Hilary Fannin: Dublin was the biggest closet in living history

‘There were women, friends, who genuinely didn’t know each other were gay,’ says my friend Janice as she prepares to get married

Photograph: Thinkstock

Photograph: Thinkstock

 

A number of years ago my husband became seriously ill in London. He received treatment, came back home and became ill again. His hospitalisation in Dublin meant I could go and see him, get back to our kids and manage a life.

One day, as I was about to step into the lift, having left the ward, a member of the team called me back urgently.

The consultant was doing his rounds, and I was being invited back to hear his latest findings.

Eight years ago Helen’s lover and life partner became ill and was hospitalised in Dublin. Helen waited with her partner for the consultant to arrive. When he did, Helen was instructed to leave the room or the consultation would not continue. She left, stood outside the door and wept with anger.

Eight years later Helen sits at a manicurist’s table in Dublin, delicate fingers spread out on a white towel. Behind her, at another table, her fiancee and civil partner, Janice, also sits, fingers splayed, her nails uncommonly maroon.

“I’ll have to hold my hands up beside my ears so everyone can see this,” Janice says with wry wonder.

When the 20 nails are dry, Janice, Helen and I retire to the smooth-talking, chandelier-lit bar of the hotel they are staying in. We order coffee and peppermint tea. Outside the high windows the sky is grey; a tempest called Imogen is gathering, taunting the trees on St Stephen’s Green. On this morning, though, even the rain seems celebratory, Imogen’s elemental power fuels a moving and proud day.

Today Janice and Helen will marry. In an hour or two the hair and make-up person will arrive. Helen’s dress (short and white), her vintage coat and her gorgeous shoes will come out of their wrappings. Janice’s white Hawaiian shirt will slip off the hanger. The couple will be escorted into their wedding car by top-hatted porters. They will drive to City Hall, their car decked in rainbow ribbons. Today a lifetime of discrimination ends.

When Janice and I were little girls, shivering in our grey school jumpers, we would walk around and around the tennis courts of our convent school, beads in our grubby fingers, reciting decades of the rosary.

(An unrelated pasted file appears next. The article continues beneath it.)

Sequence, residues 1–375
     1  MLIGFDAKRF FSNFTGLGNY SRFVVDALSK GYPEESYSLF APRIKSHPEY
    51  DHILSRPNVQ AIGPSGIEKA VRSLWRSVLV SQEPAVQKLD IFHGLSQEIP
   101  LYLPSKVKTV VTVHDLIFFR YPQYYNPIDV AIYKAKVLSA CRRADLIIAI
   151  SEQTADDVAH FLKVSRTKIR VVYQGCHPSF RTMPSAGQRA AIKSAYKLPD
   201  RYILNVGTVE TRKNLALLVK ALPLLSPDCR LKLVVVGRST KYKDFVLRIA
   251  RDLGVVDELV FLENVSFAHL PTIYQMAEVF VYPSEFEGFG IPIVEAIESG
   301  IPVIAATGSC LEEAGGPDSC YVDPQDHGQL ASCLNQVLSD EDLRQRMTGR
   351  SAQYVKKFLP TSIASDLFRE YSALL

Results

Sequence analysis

It was unimaginable back in those bouffant days, under those virgin blue skies, that two women could marry, could have the same constitutional rights as any other couple in the country.

“Dublin was the biggest closet in living history,” Janice says of the years that followed. “No one turned on a light. There were women, friends, who genuinely didn’t know each other were gay.”

“Then someone lit a match,” Helen adds. “It was probably the boom. People travelled more, international companies came in to Ireland.”

Their commitment to one another is profound, palpable, and they put their heart and soul into their civil partnership. But civil partnership was an institution that could be abolished by a future government. On the morning of the ceremony, conducted in the rose garden of their local park by the same humanist minister who would later officiate at their marriage, the women were looking over their shoulders. It is hard to let go of a lifetime’s awareness of other people’s chagrin and disrespect.

Other people’s helpful remarks could be equally as puzzling. “But you could have any man in the room” was a phrase Helen was expected to stoically endure for years.

And then the referendum. A No vote would have been reason, they say, to leave the country. But a No vote didn’t happen. Gloriously, beautifully, the country’s answer was Yes.

“This is like Narnia,” Helen says, with such tenderness and honesty that I have to look into my coffee cup. I feel overwhelmed.

Human rights

I remember when my husband and I lashed over to Edinburgh to get married, because my brother had offered to mind the kids for the weekend and we were vaguely worried about paternal rights in the event that I stepped under the 46A. It never entered my head to question why my human rights, so casually taken for granted, should be denied to my friends.

Imogen is dancing in the trees, the coffee cups are empty, there is joyful business to attend to.

In a matter of hours Helen Crawford and Janice Walsh will be married. Momentarily, the thought stills us all.

“I hope your mascara is waterproof,” I say to Helen.

“I’ll be armed to the teeth with tissues,” Janice replies. “Armed to the teeth.”

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